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Refrigerated Beverage Vending Machines


A vending machine is a self-contained device that dispenses a product when the user makes a product selection, often after the deposit of legal tender. An average vending machine consumes between 2,500 kilowatt hours (kWh) and 4,400 kWh of energy per year, costing approximately $200 to $350. The vending machine refrigeration system accounts for approximately 65 percent of the energy use, while the lighting system accounts for the remaining 35 percent. There are an estimated 200,000 vending machines in operation in Canada, requiring an average of about 2 million kWh of electricity daily. This is equivalent to the electrical demands of 50,000 houses. In most cases, it is the user of the vending machine, not the supplier who is responsible for the energy costs. Therefore, there is little incentive for the supplier to purchase energy-efficient equipment.

Over 90 percent of the vending machines shipped into Canada are beverage dispensing. The Canadian Energy Efficiency Regulations for vending machines specify minimum performance requirements that apply to the following refrigerated bottled and canned beverage machines:

  • Solid/opaque door vending machines
  • Multi-package vending machines, which are beverage vending machines that are able to display and dispense at least 20 types of beverage
  • Snack and refrigerated beverage vending machines, which are vending machines that :

    1. dispense packages of non-refrigerated, solid food as well as refrigerated bottled or canned beverages
    2. old a maximum of 100 bottles and/or canned beverages

The maximum energy-use levels, specified in the Regulations, for each of the above vending machine types are listed in the table below. These levels do not apply to refurbished vending machines, unless their original date of manufacture was after the regulation effective date. The Regulations also specify that these vending machines are to be tested in accordance with ASHRAE Standard 32.1-2004 – Methods of Testing for Rating Bottled and Canned Beverage Vending Machines.

Machine Type
ED, max Ambient Air ( °C ) Regulation Effective Date
Solid/opaque door 0.55 (8.66+0.009 C)1
0.45 (8.66+0.009 C)2
January 1, 2007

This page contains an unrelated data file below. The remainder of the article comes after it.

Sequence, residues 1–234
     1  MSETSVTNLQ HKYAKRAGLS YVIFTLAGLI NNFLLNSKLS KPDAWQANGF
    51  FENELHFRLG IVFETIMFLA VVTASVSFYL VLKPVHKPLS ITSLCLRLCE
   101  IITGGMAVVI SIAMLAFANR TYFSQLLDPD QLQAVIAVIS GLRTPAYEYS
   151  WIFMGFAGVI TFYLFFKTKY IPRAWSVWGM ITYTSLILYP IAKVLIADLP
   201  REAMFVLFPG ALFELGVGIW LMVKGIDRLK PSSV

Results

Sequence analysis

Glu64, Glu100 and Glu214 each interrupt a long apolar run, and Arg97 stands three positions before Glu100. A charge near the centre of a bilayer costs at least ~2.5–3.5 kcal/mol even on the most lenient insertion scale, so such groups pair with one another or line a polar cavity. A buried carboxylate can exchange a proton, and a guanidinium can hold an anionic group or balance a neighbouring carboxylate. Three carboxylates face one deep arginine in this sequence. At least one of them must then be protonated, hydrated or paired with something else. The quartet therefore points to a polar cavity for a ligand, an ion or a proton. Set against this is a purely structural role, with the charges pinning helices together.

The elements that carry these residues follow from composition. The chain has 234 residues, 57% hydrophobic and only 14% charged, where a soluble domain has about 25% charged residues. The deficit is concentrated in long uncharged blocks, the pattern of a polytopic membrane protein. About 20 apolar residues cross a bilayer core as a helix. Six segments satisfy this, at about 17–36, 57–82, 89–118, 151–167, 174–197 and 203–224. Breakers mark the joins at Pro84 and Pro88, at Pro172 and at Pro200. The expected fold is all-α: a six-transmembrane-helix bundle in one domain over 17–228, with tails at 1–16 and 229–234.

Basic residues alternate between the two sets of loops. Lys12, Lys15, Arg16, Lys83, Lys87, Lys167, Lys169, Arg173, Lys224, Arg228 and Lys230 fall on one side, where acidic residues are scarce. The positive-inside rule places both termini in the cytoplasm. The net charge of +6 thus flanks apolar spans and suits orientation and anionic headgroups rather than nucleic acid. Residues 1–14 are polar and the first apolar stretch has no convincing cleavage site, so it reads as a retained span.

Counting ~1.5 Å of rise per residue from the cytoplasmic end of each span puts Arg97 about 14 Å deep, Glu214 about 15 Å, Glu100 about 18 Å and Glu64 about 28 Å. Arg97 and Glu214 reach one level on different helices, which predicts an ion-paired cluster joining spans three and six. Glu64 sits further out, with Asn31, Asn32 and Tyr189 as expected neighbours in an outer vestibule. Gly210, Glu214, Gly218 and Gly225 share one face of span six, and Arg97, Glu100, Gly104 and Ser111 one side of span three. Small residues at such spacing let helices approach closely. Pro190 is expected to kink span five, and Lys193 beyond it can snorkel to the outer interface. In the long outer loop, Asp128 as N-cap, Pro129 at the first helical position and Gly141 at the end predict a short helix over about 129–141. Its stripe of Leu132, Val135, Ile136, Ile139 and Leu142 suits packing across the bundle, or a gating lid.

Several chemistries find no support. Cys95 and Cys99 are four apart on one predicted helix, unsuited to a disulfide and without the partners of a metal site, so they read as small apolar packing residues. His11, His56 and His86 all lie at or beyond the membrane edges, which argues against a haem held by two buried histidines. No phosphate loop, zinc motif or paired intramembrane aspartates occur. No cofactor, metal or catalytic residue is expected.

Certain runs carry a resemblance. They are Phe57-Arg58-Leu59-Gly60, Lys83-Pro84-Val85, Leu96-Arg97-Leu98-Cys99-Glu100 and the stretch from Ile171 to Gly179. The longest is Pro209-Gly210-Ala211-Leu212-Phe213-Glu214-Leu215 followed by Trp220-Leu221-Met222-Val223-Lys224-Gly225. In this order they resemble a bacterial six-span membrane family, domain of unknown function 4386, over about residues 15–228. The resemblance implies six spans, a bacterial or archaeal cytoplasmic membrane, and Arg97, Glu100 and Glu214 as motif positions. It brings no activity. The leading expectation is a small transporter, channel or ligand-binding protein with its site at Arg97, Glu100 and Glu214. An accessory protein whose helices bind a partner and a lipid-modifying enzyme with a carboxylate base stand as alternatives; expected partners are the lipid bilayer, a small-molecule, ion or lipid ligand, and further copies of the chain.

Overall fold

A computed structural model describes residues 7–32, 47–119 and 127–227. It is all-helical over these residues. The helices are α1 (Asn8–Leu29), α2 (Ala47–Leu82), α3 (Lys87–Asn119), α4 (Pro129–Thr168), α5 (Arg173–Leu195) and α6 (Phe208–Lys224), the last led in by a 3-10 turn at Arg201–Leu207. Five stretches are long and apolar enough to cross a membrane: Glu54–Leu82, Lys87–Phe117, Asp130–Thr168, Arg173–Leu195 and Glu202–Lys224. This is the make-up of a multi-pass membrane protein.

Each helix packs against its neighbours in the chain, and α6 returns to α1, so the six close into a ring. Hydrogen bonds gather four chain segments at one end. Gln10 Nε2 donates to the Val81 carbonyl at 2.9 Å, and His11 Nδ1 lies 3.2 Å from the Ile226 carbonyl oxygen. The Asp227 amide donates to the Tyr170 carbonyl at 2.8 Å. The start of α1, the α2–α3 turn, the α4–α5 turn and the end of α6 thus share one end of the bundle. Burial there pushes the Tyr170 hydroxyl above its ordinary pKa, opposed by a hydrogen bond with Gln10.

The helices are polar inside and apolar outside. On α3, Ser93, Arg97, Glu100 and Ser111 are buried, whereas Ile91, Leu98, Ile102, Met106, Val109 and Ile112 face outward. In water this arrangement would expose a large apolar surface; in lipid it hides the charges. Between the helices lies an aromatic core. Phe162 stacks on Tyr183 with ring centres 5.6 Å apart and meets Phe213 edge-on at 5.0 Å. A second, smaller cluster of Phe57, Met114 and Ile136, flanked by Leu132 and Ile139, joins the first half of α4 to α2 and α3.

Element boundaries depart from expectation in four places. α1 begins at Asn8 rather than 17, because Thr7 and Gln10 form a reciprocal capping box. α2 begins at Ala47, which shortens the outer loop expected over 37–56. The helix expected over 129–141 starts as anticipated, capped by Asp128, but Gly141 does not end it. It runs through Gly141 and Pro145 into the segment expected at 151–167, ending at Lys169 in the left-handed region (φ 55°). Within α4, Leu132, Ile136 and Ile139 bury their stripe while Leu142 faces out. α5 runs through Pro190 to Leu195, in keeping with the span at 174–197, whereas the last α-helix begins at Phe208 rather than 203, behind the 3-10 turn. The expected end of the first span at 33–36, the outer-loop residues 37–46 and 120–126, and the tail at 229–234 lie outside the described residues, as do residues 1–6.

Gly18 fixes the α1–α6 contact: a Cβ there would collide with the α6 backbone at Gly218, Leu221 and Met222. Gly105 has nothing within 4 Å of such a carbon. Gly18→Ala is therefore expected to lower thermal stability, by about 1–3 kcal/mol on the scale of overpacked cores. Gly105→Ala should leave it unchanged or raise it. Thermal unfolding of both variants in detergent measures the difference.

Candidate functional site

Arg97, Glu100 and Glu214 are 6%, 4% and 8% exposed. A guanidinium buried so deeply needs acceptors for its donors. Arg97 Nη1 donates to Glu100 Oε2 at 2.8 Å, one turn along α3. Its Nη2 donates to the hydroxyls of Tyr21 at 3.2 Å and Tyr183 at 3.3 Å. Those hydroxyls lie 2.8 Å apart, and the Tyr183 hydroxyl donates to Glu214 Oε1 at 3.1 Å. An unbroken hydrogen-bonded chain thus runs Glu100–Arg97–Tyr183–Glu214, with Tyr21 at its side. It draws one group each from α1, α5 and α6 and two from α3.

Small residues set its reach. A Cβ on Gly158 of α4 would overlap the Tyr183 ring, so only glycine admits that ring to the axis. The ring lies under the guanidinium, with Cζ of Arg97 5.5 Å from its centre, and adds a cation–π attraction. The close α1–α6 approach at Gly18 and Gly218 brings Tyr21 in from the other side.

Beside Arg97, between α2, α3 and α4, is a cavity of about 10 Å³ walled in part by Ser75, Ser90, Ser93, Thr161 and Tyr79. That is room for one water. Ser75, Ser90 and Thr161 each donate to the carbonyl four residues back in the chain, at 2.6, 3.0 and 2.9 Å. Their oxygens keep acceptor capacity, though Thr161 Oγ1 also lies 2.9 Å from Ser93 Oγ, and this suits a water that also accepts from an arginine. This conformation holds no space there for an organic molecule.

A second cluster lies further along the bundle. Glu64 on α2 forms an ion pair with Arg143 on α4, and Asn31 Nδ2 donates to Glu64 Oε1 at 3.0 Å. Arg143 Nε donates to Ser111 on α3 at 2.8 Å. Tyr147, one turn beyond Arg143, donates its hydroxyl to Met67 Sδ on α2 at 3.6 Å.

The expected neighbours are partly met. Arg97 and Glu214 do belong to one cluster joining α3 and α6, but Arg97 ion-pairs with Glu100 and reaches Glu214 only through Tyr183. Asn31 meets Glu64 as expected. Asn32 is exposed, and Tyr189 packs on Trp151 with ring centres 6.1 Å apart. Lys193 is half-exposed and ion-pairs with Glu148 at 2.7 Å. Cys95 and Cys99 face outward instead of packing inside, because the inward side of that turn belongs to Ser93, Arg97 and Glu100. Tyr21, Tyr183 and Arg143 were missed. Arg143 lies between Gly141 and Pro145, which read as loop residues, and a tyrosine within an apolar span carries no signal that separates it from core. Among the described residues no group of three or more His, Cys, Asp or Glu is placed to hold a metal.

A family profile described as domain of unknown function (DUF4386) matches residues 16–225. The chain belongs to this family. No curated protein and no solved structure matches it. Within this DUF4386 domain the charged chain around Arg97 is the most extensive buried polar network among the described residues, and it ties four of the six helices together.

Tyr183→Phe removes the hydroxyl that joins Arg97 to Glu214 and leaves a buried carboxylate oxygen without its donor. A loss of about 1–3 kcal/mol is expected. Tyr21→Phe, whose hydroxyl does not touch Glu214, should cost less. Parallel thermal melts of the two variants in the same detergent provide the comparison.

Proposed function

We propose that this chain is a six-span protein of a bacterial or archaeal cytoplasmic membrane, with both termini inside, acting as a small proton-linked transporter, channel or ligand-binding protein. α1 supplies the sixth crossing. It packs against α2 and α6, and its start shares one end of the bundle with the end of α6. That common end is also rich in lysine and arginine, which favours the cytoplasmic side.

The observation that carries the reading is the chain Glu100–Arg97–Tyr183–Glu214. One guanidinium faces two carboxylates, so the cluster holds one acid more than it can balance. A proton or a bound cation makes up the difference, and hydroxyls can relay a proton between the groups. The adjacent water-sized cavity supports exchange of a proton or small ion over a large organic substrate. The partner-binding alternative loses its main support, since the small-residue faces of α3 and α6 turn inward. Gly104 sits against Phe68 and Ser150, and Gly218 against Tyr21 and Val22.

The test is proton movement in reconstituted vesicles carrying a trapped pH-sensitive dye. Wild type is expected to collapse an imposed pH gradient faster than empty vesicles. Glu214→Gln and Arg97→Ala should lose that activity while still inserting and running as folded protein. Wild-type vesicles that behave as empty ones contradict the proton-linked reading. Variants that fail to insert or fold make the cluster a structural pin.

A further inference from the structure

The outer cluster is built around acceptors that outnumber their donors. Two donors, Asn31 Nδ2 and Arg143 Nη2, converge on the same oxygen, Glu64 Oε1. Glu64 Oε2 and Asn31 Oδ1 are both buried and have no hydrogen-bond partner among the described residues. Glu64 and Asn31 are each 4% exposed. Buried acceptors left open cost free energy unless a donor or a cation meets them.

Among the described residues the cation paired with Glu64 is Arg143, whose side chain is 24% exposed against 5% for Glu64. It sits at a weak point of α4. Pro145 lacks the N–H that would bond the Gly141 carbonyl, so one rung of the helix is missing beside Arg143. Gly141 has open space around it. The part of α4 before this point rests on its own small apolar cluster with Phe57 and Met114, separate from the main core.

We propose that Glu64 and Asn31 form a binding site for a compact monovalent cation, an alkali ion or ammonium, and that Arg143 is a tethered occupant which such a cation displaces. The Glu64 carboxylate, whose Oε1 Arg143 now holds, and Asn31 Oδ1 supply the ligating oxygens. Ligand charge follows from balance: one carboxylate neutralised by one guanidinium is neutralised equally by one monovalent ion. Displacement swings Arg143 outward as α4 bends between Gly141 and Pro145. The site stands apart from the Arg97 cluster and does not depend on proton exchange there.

January 1, 2008
Multi-package 0.55 (8.66+0.009 C) 23.9 January 1, 2007
and refrigerated beverage
0.55 (8.66+0.009 C) 23.9 January 1, 2007
  1. ED, max is the maximum daily energy consumption (kWh).
  2. C is the maximum quantity of product that is recommended by the manufacturer to be dispensed from one full loading of the machine.

The efficiency levels set out in the Regulations have been harmonized with ENERGY STAR® Tier I and Tier II levels, and are 45 percent and 55 percent more stringent than those in CSA standard CAN/CSA C804-96.

Also, in accordance with the Regulations, each vending machine must :

  • Be equipped with hard-wired controls and/or software capable of automatically placing the machine into a low-power mode during periods of extended inactivity while still connected to its power source to facilitate the saving of additional energy
  • Have low-power mode controls and/or software that are capable of on-site adjustments by the vending supplier or machine owner.
  • Be capable of automatically returning to its normal operating conditions at the conclusion of the inactivity period.
  • Be capable of operating in each of the low-power states described below:
    1. Lighting low-power state – lights off for an extended period
    2. Refrigeration low-power state – the average beverage temperature is allowed to rise above 4.4°C for an extended period
    3. Whole machine low-power state – the lights are off and the refrigeration operates in its low-power state

Premature replacement of vending machines is not common, and therefore inefficient vending machines tend to remain in service until the end of their useful life. Generally, the life of vending machines ranges from 7 to 13 years, with two/three refurbishments. Irreparable vandalism is cited as a common reason for vending machine replacement.